The Coalition delivered its signatures to Secretary of State William Galvin’s office on Tuesday and Wednesday. The initiative petition filed is entitled An Initiative Law to Enhance, Update and Protect the 2013 Motor Vehicle Right to Repair Law. The key provision of the initiative is as follows: 
      Commencing in model year 2022 and thereafter a manufacturer of motor vehicles sold in the Commonwealth, including heavy duty vehicles having a gross vehicle weight rating of more than 14,000 pounds, that utilizes a telematics system shall be required to equip such vehicles with an inter-operable, standardized and open access platform across all of the manufacturer’s makes and models. Such platform shall be capable of securely communicating all mechanical data emanating directly from the motor vehicle via direct data connection to the platform. Such platform shall be directly accessible by the owner of the vehicle through a mobile-based application and, upon the authorization of the vehicle owner, all mechanical data shall be directly accessible by an independent repair facility or a class 1 dealer licensed pursuant to section 58 of chapter 140 limited to the time to complete the repair or for a period of time agreed to by the vehicle owner for the purposes of maintaining, diagnosing and repairing the motor vehicle. Access shall include the ability to send commands to in-vehicle components if needed for purposes of maintenance, diagnostics and repair.  
      The Massachusetts Right to Repair Coalition now has more than 4,000 members statewide. In addition to independent repair shops and Massachusetts auto parts stores, members of the Coalition include the Alliance of Automotive Service Providers of Massachusetts (AASP-MA) and the New England Tire and Service Association (NETSA). Further information may be found at massrighttorepair.org 
      Source: https://www.aftermarketnews.com/mema-responds-to-fcc-plans-to-split-the-spectrum/
    • By Joe Marconi
      The mild fall appears to have caused a slow down for many shops. We have seen this before.  But, winter tempertures are here, and the threat of snow will boost repair shops.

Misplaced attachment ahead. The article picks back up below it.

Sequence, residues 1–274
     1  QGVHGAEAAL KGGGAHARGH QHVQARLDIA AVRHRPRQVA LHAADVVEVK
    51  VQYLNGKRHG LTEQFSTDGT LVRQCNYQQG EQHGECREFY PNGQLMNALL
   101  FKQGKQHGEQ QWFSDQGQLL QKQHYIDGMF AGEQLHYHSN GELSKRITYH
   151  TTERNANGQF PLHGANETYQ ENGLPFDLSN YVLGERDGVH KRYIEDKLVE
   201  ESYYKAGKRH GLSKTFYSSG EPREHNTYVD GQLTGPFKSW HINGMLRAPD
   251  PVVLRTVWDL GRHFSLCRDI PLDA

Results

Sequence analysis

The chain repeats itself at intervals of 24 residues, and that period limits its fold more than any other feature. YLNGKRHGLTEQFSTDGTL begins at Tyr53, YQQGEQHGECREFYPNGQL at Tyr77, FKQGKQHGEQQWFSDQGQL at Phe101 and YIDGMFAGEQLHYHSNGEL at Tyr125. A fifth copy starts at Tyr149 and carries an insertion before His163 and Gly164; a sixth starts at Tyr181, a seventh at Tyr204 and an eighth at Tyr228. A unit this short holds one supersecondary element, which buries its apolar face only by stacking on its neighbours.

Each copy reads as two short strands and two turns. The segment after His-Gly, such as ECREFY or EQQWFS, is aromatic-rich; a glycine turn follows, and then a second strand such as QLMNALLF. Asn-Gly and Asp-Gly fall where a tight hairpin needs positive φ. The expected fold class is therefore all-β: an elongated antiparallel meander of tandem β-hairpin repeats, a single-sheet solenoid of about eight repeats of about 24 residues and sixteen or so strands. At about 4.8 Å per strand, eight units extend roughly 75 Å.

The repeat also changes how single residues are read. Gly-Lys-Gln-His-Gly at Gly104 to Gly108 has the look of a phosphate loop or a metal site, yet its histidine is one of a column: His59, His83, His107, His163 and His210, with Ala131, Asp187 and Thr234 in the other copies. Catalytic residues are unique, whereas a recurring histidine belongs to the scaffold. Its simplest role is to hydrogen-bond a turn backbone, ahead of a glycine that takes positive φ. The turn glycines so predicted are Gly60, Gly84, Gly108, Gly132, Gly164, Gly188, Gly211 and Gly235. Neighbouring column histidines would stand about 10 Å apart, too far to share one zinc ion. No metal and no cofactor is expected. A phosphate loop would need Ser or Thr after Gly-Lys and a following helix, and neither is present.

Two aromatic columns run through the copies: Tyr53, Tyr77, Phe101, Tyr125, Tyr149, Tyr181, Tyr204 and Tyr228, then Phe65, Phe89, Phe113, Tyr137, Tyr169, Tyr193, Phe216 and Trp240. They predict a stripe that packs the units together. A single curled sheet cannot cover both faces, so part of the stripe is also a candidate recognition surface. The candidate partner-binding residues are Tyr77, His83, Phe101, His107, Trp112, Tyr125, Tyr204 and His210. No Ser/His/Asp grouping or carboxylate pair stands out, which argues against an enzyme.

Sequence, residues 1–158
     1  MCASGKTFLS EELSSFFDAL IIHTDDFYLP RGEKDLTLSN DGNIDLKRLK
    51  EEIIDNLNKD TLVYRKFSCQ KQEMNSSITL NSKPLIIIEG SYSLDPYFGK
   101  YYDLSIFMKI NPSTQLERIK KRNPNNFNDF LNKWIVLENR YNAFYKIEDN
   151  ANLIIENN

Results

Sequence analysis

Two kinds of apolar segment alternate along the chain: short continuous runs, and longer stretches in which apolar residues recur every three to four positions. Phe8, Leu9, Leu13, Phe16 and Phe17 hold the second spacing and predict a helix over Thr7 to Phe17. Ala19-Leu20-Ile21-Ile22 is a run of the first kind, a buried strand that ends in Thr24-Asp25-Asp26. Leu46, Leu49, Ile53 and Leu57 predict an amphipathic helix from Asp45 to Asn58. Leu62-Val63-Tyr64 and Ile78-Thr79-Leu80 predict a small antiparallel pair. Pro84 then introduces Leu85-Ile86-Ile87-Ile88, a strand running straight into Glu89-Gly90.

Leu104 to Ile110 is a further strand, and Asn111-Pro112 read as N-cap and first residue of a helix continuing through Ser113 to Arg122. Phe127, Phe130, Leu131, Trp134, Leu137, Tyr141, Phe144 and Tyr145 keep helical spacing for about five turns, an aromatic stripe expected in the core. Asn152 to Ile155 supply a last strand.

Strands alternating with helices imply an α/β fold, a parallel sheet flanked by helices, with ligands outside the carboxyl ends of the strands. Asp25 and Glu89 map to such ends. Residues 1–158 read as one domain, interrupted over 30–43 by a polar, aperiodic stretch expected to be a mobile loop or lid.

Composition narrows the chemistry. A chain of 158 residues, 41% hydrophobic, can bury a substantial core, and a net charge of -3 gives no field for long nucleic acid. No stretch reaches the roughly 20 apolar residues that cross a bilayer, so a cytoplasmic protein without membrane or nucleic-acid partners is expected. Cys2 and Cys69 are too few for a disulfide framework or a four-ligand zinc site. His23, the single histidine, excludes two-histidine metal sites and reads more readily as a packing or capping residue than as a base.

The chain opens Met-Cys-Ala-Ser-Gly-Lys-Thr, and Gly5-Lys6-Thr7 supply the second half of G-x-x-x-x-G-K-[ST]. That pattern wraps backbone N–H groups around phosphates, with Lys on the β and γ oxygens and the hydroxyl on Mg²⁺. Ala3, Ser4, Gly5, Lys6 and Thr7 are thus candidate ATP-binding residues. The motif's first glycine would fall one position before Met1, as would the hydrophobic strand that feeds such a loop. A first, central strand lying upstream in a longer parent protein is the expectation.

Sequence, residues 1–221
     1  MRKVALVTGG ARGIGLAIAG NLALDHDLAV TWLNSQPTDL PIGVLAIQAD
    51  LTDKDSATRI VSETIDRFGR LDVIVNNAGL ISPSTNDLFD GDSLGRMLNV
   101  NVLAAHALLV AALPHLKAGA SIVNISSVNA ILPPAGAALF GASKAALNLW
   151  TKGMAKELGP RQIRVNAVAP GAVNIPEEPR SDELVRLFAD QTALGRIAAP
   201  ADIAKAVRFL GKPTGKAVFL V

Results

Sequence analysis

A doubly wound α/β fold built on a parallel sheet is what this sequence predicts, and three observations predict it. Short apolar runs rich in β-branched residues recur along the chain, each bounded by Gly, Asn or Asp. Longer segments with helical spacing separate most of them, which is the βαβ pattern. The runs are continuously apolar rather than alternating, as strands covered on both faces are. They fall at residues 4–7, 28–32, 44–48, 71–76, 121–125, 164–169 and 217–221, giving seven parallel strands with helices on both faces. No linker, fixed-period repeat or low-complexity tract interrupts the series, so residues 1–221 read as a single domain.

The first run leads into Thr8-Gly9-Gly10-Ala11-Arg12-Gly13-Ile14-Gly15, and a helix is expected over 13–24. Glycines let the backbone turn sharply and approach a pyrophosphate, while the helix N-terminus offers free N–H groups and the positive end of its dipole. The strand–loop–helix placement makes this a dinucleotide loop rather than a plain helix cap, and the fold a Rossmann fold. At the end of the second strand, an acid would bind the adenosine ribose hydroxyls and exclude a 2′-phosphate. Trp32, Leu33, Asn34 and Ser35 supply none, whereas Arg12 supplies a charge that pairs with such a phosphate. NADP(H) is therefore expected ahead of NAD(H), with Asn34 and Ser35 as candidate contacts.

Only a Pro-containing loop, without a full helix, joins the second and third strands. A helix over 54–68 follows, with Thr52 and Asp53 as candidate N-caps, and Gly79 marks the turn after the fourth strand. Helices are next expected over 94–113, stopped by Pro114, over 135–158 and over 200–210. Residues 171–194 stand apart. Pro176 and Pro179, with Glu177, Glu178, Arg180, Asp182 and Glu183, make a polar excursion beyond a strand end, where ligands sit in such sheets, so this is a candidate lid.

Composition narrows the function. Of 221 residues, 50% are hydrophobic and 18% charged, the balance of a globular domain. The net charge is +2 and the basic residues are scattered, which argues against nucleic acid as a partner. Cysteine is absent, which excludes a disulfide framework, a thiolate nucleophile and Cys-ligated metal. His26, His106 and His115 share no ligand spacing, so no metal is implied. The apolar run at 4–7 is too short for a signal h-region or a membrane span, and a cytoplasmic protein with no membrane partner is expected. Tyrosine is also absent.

• By AutoShopOwner
      RALEIGH, N.C.--(BUSINESS WIRE)--Nov. 1, 2019-- Advance Auto Parts, Inc. (NYSE: AAP), a leading automotive aftermarket parts provider, has launched a new learning management system designed to provide training programs that grow an automotive professional’s knowledge and skills throughout their entire career. Advance regularly serves more than 26,000 individuals in North America each year with training courses offered through the company’s Carquest Technical Institute (CTI) and Worldpac Training Institute (WTI) programs.
      Training from Advance now combines courses available online and in the classroom from CTI+WTI into an integrated training solution, giving aftermarket professionals access to a robust library of technical training and business management education. Career Pathways, which feature a structured set of online and classroom events to establish mastery of technical and business competencies, are currently targeted to the General Service Technician and Professional Technician, with Senior Technician, Master Technician, and a number of specialist programs coming by the end of the year.